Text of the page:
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Newsletter Dated: 1/1/2006 1:25:18 AM
Subject: Soup's On
Andrea Campbell’s Newsletter
*** Greetings! ***
This newsletter is being sent to you because you are a writer, professional friend of Andrea*s, or a fan and reader of her books. If you are new to the list, welcome. There are a ton of newsletters and e-zines out there to read, thanks for requesting and reading mine.
Have questions, comments, or ideas for future publication? I look forward to your input and hope you will stay around to see new features in every
In this issue:
* From the Author*s Desk
* Breast Cancer Book
* Sylvia Forbes & Bylines Calendar 2006
* Patricia M. Terrell
*** From The Author*s Desk ***
In this business, sometimes you never find out if the promotion seeds you plant do any good. This month for me though, I’ve seen some of my efforts come to fruition. I’m happy to say I am a featured author in the Bylines 2006 Writer’s Desk Calendar. It’s a very nice edition, quite inspiring, and there are places inside for goal-setting and planning, along with full-page weeks. And when you pick up your copy, make sure to dog-ear December 10 to reference my smiling mug.
I also contributed a “tidbit” to Patricia M. Terrell’s book many months ago and it will soon be out! Some information about the title and feedback from Patricia on the process can be found below.
My kids grew up on Reading Rainbow and I am happy to announce that my photo, book list, and short bio can be found on a site that acts as an advocate to continue the Reading Rainbow experience. A link follows, visit the site won’t you? http://www.perfectpartybycody.com/readingrainbow109/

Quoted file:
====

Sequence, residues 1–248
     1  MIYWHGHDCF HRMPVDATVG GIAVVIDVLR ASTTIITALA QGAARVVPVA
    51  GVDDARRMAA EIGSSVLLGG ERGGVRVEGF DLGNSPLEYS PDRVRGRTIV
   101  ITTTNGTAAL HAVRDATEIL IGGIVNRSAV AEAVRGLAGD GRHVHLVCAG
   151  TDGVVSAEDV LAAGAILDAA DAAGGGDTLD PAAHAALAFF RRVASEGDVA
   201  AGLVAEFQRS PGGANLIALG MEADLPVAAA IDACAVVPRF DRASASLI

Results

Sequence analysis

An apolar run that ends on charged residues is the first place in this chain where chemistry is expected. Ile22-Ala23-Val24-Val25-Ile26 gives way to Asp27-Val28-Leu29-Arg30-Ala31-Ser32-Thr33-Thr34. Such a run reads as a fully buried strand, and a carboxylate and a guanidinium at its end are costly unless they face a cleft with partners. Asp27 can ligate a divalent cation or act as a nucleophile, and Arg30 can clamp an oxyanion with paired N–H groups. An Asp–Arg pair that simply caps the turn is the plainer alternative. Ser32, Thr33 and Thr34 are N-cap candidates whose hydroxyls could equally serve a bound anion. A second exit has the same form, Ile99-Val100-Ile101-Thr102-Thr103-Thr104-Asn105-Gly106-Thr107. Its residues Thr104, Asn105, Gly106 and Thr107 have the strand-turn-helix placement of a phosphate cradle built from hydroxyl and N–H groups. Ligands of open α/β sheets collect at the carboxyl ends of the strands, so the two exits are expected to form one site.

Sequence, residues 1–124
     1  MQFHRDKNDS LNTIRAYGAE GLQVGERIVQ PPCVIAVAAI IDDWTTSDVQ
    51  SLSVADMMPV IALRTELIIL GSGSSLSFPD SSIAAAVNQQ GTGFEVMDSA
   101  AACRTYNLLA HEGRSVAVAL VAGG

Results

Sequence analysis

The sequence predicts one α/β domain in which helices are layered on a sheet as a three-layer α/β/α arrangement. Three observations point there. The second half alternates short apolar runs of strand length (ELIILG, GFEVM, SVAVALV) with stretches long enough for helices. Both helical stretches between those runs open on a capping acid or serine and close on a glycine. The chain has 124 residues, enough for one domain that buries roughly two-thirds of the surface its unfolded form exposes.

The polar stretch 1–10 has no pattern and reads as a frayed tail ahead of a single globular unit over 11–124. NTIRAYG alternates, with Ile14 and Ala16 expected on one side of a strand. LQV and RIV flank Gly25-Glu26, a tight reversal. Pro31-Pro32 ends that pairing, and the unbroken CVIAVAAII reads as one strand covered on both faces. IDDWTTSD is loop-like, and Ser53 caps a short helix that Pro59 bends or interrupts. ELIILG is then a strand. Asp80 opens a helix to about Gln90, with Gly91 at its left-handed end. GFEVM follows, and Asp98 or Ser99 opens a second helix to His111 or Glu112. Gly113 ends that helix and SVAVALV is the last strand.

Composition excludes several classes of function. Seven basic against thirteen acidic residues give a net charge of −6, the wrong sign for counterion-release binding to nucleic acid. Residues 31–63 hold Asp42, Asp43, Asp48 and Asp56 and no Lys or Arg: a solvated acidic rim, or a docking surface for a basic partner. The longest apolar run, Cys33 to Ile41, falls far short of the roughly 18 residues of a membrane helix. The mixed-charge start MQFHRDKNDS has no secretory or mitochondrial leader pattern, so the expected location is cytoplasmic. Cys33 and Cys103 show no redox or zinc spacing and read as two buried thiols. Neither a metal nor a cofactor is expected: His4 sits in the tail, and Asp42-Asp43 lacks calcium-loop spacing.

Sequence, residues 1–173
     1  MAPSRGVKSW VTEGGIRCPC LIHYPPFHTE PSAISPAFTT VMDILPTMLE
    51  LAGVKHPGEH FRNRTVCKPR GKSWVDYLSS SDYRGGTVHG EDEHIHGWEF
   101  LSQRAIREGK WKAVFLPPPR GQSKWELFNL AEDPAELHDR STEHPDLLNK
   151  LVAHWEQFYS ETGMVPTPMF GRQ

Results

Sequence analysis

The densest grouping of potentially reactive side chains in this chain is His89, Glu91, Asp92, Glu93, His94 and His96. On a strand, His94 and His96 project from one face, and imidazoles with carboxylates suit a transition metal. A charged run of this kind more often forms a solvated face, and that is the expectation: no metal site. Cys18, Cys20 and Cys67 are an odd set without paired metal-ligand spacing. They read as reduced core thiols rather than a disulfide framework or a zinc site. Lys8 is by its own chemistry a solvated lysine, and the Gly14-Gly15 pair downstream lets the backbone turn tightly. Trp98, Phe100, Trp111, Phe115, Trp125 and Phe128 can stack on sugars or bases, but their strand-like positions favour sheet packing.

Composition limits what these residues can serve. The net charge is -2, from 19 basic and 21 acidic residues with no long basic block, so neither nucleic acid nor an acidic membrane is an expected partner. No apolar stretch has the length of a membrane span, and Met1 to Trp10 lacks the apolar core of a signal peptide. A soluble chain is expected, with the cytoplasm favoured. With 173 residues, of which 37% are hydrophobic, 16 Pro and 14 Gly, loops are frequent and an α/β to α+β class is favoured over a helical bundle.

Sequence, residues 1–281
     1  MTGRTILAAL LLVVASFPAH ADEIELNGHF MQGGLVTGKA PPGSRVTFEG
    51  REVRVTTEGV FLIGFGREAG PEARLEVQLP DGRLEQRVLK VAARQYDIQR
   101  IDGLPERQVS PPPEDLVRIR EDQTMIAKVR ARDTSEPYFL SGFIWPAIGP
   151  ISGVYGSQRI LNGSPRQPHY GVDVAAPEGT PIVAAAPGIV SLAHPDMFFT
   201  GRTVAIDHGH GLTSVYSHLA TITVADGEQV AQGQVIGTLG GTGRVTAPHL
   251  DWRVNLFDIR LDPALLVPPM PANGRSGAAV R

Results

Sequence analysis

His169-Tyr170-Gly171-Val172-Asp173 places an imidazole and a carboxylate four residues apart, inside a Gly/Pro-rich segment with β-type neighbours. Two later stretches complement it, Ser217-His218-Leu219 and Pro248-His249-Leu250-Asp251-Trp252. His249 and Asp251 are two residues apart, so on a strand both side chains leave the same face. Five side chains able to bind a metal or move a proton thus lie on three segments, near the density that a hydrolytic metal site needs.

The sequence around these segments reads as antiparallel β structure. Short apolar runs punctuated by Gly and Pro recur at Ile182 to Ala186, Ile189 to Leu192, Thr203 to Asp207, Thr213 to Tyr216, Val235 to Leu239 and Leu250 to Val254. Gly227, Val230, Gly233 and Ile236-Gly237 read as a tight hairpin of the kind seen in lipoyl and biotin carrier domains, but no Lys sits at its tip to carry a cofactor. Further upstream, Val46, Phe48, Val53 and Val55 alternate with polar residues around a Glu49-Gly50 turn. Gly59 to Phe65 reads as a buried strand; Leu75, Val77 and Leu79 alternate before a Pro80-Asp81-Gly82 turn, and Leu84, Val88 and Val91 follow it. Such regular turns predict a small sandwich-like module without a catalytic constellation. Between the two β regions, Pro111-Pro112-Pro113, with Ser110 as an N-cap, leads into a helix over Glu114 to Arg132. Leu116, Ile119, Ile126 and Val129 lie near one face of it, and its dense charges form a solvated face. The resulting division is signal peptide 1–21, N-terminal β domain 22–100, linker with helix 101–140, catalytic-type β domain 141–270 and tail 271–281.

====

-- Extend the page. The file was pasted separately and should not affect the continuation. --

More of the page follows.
My next Mediabistro class—number four, (I’m getting good at it)—starts January 10th. If your New Year’s Resolution is to get that nonfiction book proposal finished, join us. You’d be amazed how much we get accomplished in eight weeks online. Link: http://www.mediabistro.com/courses/cache/crs1099.asp
Currently I’m planning Murder in Spa City…well, the conference that is. I’m helping to head up a one-day workshop entitled Creation & Craft: A Novel Writers Workshop. Under the umbrella of the Mystery Writers of America’s Southwest Chapter, we’re going to pull off the inaugural, yes, the first ever, MWA conference right here in Hot Springs, Arkansas! And the line-up is so fantastic, if you don’t mark April 1st on your calendar as planned, I’ll be sorely disappointed. To receive a flier, just send me an email at: firstname.lastname@example.org and I’ll get you on the mailing list. Ah, finally—fun, learning and camaraderie right here in our own state!
Enough about me now because I think this will be a good newsletter to start your year off with some information, inspiration and ideas, so let’s get to it . . .
*** Breast Cancer Book ***
The title is a grabber right away—Why I’m Glad I Had Breast Cancer. I read the book in one sitting. Here is an interview with the author, a special woman who has a story-spinning gene for sure, Leonore H. Dvorkin.
Q.: Leonore, can you tell readers about your writing background?
A.: My sisters and I grew up in an academic household surrounded by books. We had no TV set until 1961, when I was 15. My unrestricted reading provided me valuable knowledge and escape from my everyday life, often affecting me profoundly. I soon came to see books as powerful and wonderful things.
My early attempts at writing were not very impressive, but gained enough praise to encourage me. My one novel (Apart from You, Wildside Press, 2000) took me 23 years to write. My breast cancer book took me just four months to write.
I don’t know whether I’ll ever write a third book. In the meantime, I continue to write vast amounts of e-mail, as well as material related to my two jobs: tutoring Spanish and German, and teaching weight training in my home.
My husband, David Dvorkin, has had 16 novels published. He’s a model of self-discipline, and an endless source of encouragement and help. We always proofread and (lightly) edit each other’s work.
Q.: Sometimes it’s painful to write about very personal matters, although you seem to bridge that problem nicely, but what one point made you decide to tell your story about breast cancer?